the priesthood and the religious communities."
He also warned against thinking that English Catholic parishes were immune against this danger: "Nor must we think that only Protestant churches are derelictacross the channel in areas where there are no Protestants there are empty Catholic churches. "The reason is lack of faith and lack of priests. The two things go together. "To keep pace with the rising population new Catholic churches are being built throughout the country", he said. "They are signs of life, growth and spiritual prosperity. But they will be of little use without priests to serve them."
The Cardinal's pastoral, was addressed primarily to young people who, he said. if "old enough to understand what is being read out, are old enough to think about becoming a priest.
But he warned that they would not become priests "just by wishing it", and said that the Church wanted only "enthusiastic boys with the health and ability" to go through the long seminary course. Commenting on the priesthood of the laity he said that it was no substitute for the priesthood o f the clergy.
The Cardinal's private secretary, Mgr. Bruce Kent, was reported in the Sunday Express as saying "The position is certainly serious. Between 1950 and 1965. for instance. Catholic baptisms per year rose `from 92,000 to 136,000.
"Yet in the same period the total number of priests has risen only from 6,500 to 7.800 and there are now an estimated six to seven million Catholics."
This means a proportion of about 770 Catholics for every priest in the country and in Westminster Archdiocese a slightly higher proportion of around 880 to one.
Mgr. Kent continued : "It is impossible to say exactly how underestablished we are as there is no obsolute norm. But the shortage is of course causing gaps. In this dioqese alone we are unable to fill or create new chaplaincies in different spheres as we would like.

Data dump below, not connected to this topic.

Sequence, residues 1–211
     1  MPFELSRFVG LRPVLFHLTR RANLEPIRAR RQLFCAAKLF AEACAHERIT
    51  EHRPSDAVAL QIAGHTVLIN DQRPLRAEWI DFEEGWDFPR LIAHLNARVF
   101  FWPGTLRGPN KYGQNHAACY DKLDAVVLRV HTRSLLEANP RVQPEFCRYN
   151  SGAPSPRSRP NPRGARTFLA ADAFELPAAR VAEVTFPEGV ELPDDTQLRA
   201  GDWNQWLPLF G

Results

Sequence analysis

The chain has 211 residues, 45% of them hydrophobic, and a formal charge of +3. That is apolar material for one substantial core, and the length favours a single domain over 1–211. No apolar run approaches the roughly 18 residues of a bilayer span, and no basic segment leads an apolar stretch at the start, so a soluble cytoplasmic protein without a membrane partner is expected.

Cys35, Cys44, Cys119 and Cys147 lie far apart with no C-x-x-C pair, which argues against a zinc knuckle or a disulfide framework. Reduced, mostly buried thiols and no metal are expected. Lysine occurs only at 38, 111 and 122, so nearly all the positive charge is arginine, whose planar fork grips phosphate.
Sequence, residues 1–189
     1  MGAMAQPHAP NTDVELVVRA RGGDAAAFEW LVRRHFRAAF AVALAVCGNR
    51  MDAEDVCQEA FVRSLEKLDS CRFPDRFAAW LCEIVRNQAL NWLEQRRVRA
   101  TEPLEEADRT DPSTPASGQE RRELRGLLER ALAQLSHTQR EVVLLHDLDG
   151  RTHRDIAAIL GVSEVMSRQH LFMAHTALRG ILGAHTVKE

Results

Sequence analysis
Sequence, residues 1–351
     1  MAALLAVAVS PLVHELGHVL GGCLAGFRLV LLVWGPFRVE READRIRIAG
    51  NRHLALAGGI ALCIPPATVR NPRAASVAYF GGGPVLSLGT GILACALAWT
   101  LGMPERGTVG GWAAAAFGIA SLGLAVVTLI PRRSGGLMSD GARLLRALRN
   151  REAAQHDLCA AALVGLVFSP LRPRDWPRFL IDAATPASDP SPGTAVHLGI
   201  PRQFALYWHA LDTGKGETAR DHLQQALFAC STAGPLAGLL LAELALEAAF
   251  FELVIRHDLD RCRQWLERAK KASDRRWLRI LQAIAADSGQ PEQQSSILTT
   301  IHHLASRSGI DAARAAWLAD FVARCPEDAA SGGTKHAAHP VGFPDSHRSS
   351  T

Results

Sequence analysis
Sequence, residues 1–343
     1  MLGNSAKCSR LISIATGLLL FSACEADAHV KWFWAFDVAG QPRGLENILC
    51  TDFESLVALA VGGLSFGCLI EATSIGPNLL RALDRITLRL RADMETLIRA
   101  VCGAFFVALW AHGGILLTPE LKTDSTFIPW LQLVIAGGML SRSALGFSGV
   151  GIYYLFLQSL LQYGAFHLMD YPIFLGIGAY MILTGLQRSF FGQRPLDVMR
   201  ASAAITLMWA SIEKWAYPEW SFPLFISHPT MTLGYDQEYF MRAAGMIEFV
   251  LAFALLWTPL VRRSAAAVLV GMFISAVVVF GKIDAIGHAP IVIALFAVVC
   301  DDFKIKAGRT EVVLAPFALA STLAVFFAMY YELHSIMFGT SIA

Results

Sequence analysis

"The Pope has urged that we should send priests to underdeveloped countries but in this diocese we are almost unable to do this.
"We have 900 priests and there are always likely to be retirements, deaths, and so on. Yet we have only three students who will be ordained in two years' time.
"The trouble is there are so many distractions for young people today. Life is much easier and to enter the priesthood means a life of discipline", he concluded. A spokesman for Liverpool Archdiocese was quoted as saying: "Over the next seven years or so. 10 priests will be ordained here each year while we will need more like 15 a year to meet our requirements.
"In 10 years we might be something like 100 priests short of our needs. This is a drastic prospect."
Anglicans lend hall for Mass
Anglicans at Little Thornton, Lanes., have lent the hall of St. John's School to be used for Mass on Sundays by local Catholics. Fr. P. Eccles announced the loan from the pulpit of the Sacred Heart Church, Thornton, a week before the first Mass was celebrated last Suondn thay.
e Friday this advertisement appeared in the local paper: "Holy Mass will be celebrated in St. John's Sunday School, Little Thornton, for the benefit of the Roman Catholic community, thanks to the Vicar and Churchwardens of St. John's Anglican Parish Church."
The Rev. A. H. A. Cattanach, vicar of St. John's, said: "I just regard it as giving them a helping hand. They approached me and I had to consult the Bishop. He was quite agreeable. They will be holding one service a day and it doesn't inconvenience us at all."
Experts Study `Geneva Plan'
WAYS of removing tension between Churches, suggested at the historic first meeting in Geneva of the Vatican and World Council of Churches joint "working group" are now under study by experts.
And once the studies are finished the correct stage will be set for further talks, said Dr. W. A. Visser 't Hooft, general secretary of the WCC this week.
He also said that other recommendations dealing with common theological study and "important things" in the fields of missions and social action were under con sideration by WCC and Vatican specialists, and that a joint consultation was planned in connection with the work of the laity.